The growth of social media and increased demands for journalists to post news quickly raises the question, “What should media’s role be?”
In coverage of the Boston bombing and the Sandy Hook shooting in Newtown, Connecticut, for example, the news media put out stories immediately, and most were completely incorrect.
The Slow Journalism Company, however, is hoping to change that.
Slow Journalism produces a magazine called Delayed Gratification, which takes stories “after the dust settles” and publishes them, according to its website. Each issue compiles stories from weeks or months earlier that tell what actually happened in a news event less the hype and bad reporting.
Michelle Hassler, University of Nebraska-Lincoln professor and former state editor at the Lincoln Journal Star, said that this is a good opportunity for people to see the whole event.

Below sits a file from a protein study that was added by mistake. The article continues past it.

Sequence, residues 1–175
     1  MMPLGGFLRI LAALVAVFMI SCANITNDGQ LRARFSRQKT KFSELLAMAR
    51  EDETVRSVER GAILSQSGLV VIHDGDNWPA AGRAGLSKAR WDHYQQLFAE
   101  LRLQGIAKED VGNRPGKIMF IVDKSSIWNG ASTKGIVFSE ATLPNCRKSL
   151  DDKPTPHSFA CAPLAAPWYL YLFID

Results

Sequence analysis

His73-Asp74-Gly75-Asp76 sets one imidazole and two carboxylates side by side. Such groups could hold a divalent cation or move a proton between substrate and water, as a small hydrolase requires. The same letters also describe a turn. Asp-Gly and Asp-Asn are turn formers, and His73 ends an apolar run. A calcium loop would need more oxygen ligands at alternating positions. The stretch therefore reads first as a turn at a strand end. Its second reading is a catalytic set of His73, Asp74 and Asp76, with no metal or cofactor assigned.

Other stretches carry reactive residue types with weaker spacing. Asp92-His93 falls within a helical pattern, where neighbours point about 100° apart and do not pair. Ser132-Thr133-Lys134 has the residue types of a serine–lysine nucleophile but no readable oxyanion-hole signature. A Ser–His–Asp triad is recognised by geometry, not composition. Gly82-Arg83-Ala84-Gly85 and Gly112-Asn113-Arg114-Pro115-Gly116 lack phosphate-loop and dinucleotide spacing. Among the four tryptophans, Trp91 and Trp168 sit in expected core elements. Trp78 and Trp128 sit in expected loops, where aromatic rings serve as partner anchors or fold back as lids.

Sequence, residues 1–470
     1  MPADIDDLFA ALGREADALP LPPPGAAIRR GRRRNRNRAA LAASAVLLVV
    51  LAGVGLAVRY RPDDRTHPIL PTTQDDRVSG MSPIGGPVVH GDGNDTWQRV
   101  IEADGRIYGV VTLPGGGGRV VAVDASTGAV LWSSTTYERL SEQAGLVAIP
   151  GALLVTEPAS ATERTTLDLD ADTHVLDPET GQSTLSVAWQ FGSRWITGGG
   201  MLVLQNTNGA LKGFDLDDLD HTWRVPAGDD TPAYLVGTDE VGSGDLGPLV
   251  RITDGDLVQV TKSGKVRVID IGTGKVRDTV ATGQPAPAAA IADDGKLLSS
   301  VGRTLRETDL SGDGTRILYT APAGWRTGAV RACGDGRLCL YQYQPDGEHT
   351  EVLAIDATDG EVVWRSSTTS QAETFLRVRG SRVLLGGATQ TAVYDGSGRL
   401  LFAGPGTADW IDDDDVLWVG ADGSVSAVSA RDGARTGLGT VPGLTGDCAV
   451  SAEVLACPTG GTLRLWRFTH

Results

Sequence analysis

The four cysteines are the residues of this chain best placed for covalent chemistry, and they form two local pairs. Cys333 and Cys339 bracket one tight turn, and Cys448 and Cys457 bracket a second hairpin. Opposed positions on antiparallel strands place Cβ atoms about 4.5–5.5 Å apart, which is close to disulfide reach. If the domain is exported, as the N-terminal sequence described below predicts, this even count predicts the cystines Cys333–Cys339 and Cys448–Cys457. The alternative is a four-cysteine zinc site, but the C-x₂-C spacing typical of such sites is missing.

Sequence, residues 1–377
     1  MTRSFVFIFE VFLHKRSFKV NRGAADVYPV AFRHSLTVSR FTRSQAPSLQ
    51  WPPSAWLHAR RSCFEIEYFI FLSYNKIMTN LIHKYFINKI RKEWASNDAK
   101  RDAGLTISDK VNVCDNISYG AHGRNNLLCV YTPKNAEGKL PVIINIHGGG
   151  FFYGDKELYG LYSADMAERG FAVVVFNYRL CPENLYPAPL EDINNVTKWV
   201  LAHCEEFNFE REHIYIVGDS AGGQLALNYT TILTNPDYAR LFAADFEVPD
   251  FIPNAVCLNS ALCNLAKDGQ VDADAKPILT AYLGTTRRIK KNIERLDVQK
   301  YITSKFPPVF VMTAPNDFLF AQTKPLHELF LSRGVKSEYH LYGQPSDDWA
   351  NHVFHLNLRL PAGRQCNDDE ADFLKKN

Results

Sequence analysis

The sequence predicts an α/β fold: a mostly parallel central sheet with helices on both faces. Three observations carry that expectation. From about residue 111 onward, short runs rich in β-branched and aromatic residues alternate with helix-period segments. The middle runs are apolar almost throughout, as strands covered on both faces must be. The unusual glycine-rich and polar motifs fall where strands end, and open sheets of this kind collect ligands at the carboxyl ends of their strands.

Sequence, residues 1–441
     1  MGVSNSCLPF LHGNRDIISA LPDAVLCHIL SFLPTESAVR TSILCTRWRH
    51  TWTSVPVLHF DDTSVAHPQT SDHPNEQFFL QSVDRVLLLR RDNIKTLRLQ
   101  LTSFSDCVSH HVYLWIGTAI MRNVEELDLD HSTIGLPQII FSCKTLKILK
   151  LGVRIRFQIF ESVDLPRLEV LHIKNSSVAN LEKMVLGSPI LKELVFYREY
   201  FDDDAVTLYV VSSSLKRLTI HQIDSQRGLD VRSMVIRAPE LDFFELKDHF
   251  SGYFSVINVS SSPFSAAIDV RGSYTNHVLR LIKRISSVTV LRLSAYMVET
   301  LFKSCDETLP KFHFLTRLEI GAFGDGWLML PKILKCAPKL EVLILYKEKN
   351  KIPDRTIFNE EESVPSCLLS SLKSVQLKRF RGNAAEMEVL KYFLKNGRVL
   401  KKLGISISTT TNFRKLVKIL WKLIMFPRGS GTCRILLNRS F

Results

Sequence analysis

Hassler also said journalists need to back away from this “get-it-first mentality” and play more of a curator role.
“If journalists could step back, explain the issues and put them into context,” Hassler said, “people could understand the full scope of the story a lot better.”
A more productive method of covering the issues would be to explain the context and outline all sides, she said, and highlight what is new with those stories.
According to Slow Journalism, today’s “ultra-fast” news tells audiences what’s happening in real-time but rarely tells what it means.
“We take time to do things properly,” the Slow Journalism Company wrote on its website. “Instead of desperately trying to beat Twitter to the punch, we return to the values we all want from journalism – context, analysis and expert opinion.”
In the past 10 years, newsrooms and journalism, as a whole, have completely changed. Hassler said a journalist is now required to not only report, but also to tweet, blog, photograph, video and often self-edit. Journalists are sometimes evaluated on their speed than they are on their writing and reporting skills.